An Arctic expedition gets stuck at sea with a pregnant woman hiding onboard in Irish author James’ hypnotic North American debut that’s less a high-stakes adventure than a slow-burning psychological study.
In 1850, a European crew sets off toward Arctic waters in search of Sir John Franklin’s recently lost Northwest Passage expedition. The dangers involved for Lt. Morgan and his crew are clear: the water could freeze around them; the boat could be crushed by the ice. They could get lost—there’d be no one to rescue them. When a broken rudder forces the crew to stop at an island off the coast of Greenland for repairs, Morgan finds himself involved with the local governor’s sister, Kitty, a woman trapped by the island and desperate to escape. Their courtship, if it can be called that, is a cold one, and when the rudder is fixed, Morgan has no intention of looking back. But once the ship is again at sea, one of the crew makes a discovery: Kitty has stowed herself away on the boat—and she’s pregnant with Morgan’s child. There's little feeling between them at first: for all practical purposes (save one), the two are strangers. But as Kitty’s pregnancy progresses and Morgan comes to terms with his impending fatherhood, he begins to see her—and himself—in a new light. James expertly captures both the terror and the overwhelming boredom of sea life, of being stuck in the ice, of having nothing to do but the monotonous and sometimes impossible task of staying alive. Cold and unmoving at the start, James’ characters—Morgan and Kitty, the ship’s doctor, the cook, the elderly captain, and all the rest—slowly become fully, tragically human.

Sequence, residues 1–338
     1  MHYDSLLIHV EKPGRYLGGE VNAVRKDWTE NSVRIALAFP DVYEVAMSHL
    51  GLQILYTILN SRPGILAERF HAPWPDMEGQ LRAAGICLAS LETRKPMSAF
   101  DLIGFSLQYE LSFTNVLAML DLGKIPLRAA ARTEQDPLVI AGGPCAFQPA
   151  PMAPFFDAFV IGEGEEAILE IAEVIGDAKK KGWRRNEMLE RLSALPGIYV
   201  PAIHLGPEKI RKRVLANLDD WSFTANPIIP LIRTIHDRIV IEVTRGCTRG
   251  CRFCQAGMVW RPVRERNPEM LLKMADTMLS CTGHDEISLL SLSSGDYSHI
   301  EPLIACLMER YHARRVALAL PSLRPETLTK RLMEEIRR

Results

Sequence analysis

Meditative and spare, this is not a fast read but one worth the effort: underneath all the ice, there is real emotional depth.